Now let us look at the actual effects that some of these collegia had on the political system before they were suppressed. Trajan says to Pliny that such organization have “disturbed” the province in the past. But what exactly would Trajan have considered disturbing? We actually see that in the closing years of the Republican era, the elite themselves in elections implemented collegia as political tools. So was it the members of the political clubs themselves or those magistrates who bought them off as tools to win elections that are to blame? Fowler (2004) blames the ability to buy one’s way into power, even in the face of countering legislation, as the cause of the corruption of the collegia from honourable clubs of like-minded men to beds of political unrest. Thus, the collegia were banned because of their potential as political tools that could be wielded by elites attempting to gain political standing. However, by suppressing such ‘tools’ the government synonymously suppressed any chance for the common man of the lower classes to voice their socio-political beliefs. Thus, Trajan in his correspondence is simply stating something that was solidified with the enactment of the Lex Iulia: that the vox populi was dead, and that it should remain that way.
Political Suppression of Collegia
Before I conclude this paper, I want to move away from Pliny’s correspondence and bring to attention how far this form of political suppression runs. The beginning of the suppression of collegia because of their uses as political tools began in the late republic and early principate with the lex Iulia. However if we look as far as the Christian emperor Justinian, we see in his digests how he reaffirms this age-old precedent of making political associations illegal. He states in Digest 47 that it is illegal for political associations to form, however he does allow for individuals to occasionally meet in groups however not for political motivations. Justinian is clear to dictate that the punishment for funding and being a member of an “illegal society” (i.e. a political association) will face a penalty equal to that of treason.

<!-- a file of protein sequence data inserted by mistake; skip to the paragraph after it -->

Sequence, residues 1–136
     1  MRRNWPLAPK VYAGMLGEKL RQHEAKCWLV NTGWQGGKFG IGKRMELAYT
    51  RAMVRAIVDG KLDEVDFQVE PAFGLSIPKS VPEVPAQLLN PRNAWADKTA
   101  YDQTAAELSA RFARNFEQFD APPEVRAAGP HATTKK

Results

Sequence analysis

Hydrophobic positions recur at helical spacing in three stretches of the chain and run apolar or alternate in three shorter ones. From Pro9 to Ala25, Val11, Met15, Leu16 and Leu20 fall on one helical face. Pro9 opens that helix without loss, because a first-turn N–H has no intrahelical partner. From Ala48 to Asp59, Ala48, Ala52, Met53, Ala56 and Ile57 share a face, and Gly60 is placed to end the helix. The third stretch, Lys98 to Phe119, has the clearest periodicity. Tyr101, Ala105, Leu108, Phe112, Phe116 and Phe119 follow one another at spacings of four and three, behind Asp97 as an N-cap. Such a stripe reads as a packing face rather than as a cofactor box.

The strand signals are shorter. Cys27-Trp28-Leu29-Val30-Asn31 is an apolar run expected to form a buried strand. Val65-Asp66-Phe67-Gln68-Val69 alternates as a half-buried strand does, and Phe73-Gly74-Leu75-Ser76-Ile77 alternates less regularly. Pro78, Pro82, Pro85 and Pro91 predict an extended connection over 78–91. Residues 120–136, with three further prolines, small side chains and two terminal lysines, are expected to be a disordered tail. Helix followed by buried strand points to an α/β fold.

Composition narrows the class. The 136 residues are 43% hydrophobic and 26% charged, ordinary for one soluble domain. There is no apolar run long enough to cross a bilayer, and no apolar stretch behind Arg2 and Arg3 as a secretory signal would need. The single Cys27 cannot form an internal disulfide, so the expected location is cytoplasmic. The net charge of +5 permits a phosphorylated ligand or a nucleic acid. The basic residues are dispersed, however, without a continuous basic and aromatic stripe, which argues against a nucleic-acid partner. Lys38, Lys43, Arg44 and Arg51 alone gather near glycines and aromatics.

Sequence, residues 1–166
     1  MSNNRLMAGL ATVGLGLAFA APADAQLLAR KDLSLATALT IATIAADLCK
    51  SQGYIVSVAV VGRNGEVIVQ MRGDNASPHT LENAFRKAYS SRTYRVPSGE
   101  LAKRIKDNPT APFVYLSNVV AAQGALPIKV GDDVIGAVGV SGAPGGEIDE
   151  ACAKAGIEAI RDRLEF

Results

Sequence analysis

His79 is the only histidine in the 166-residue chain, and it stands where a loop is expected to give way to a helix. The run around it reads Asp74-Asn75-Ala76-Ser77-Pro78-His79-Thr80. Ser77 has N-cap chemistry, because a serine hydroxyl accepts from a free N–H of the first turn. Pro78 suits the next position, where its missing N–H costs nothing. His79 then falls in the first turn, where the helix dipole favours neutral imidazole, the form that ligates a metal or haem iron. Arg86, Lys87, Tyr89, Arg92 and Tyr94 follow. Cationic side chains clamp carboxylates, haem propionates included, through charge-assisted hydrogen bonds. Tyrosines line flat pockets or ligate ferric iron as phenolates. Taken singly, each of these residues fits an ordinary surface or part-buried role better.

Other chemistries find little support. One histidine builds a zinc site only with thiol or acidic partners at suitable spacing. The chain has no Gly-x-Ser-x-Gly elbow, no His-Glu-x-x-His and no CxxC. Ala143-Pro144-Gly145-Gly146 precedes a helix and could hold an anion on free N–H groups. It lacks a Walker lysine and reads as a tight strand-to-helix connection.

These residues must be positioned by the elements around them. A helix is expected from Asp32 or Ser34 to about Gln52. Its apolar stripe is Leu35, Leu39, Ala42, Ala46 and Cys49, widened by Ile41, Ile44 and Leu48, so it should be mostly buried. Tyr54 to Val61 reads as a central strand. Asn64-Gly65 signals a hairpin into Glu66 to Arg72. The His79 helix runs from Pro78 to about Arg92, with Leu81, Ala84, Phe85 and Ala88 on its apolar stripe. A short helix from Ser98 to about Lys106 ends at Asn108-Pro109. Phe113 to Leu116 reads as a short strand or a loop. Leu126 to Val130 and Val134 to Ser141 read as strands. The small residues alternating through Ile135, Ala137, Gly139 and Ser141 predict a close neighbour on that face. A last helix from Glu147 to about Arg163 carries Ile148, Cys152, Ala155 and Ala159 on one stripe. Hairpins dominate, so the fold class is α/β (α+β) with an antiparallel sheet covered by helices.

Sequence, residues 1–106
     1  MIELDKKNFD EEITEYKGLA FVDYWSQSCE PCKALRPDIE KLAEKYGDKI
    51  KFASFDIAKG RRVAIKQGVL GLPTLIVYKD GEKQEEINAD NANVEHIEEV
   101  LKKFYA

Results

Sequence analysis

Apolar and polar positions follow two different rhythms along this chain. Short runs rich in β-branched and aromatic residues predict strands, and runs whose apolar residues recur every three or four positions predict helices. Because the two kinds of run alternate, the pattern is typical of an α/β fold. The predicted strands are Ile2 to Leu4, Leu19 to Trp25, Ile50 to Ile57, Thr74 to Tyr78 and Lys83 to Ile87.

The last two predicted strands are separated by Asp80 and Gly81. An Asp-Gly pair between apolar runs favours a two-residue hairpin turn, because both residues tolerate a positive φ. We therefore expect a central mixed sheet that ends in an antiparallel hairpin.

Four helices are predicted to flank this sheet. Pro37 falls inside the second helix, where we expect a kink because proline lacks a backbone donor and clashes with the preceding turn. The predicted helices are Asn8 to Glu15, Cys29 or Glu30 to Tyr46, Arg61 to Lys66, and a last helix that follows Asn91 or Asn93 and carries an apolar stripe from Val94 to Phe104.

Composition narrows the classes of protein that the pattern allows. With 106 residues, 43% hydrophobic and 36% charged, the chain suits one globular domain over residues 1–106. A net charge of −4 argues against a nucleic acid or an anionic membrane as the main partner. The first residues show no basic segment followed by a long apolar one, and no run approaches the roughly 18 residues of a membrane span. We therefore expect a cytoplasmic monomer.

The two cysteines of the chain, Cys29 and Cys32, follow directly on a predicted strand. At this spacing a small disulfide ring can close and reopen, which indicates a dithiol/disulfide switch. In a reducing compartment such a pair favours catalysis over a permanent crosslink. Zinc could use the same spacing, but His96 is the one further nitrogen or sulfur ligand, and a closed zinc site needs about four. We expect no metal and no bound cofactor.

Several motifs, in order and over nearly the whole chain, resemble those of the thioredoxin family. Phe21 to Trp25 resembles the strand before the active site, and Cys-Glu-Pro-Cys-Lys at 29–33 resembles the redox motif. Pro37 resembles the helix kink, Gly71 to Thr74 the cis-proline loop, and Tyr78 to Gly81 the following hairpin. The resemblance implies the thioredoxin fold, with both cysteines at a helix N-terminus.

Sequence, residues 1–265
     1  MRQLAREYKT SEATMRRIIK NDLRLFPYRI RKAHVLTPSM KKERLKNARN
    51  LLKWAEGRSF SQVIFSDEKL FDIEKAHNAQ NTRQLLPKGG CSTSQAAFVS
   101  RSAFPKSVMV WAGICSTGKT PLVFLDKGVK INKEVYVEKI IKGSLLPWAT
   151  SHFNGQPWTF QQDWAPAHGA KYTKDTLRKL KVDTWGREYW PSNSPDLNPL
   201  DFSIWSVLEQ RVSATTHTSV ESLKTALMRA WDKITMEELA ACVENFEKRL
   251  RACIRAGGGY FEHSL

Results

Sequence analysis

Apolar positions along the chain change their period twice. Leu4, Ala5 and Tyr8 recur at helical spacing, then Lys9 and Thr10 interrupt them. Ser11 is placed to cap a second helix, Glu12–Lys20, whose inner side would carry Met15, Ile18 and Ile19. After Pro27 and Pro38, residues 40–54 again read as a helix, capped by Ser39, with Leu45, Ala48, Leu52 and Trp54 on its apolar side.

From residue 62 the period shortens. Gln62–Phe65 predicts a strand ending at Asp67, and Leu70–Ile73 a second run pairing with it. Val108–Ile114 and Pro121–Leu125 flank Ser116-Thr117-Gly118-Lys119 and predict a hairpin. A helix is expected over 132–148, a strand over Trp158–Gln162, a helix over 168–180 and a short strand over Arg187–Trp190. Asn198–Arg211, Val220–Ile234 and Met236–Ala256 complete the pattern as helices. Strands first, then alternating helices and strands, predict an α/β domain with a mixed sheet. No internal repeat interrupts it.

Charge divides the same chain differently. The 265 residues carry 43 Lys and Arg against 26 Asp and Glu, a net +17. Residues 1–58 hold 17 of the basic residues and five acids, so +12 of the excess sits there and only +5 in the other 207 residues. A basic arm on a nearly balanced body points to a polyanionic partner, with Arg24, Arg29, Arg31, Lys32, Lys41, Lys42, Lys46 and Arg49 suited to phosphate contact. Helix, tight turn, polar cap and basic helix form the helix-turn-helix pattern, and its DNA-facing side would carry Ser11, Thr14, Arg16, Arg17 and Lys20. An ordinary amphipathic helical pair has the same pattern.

We see that this ideal of suppressing political associations made up of the lower strata of Roman society is a long standing ideal held from the late republic even up until the early Christian period. Suppressing the public voice of the majority not only reaffirms the power that the senatorial and imperial classes held but also shows the lengths that they were willing to go to assure the consolidation of the longevity of this power.
This document analysis has explicated and analyzed the correspondence between the Roman governor of Pontus-Bithynia Pliny and the Roman emperor Trajan. The origin and structure of collegia was looked at as well as their place in the wider historical narrative. It was discovered that collegia were one of the only outlets for the lower classes of Roman society to voice their political opinions and that this posed a threat to the Roman political elite. We showed how this threat lead to legislation which inevitably dissolved all collegia in Rome save a few registered non-political ones and we saw how Trajan in his response to Pliny only affirms this agenda. Finally we saw how the long lasting suppression of these political groups was essentially the suppression of the public voice and the consolidation of imperial power. The vox populi was dead.
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Originally published by the Ancient History Encyclopedia, 08.16.2015, under a Creative Commons: Attribution-NonCommercial-ShareAlike 3.0 Unported license.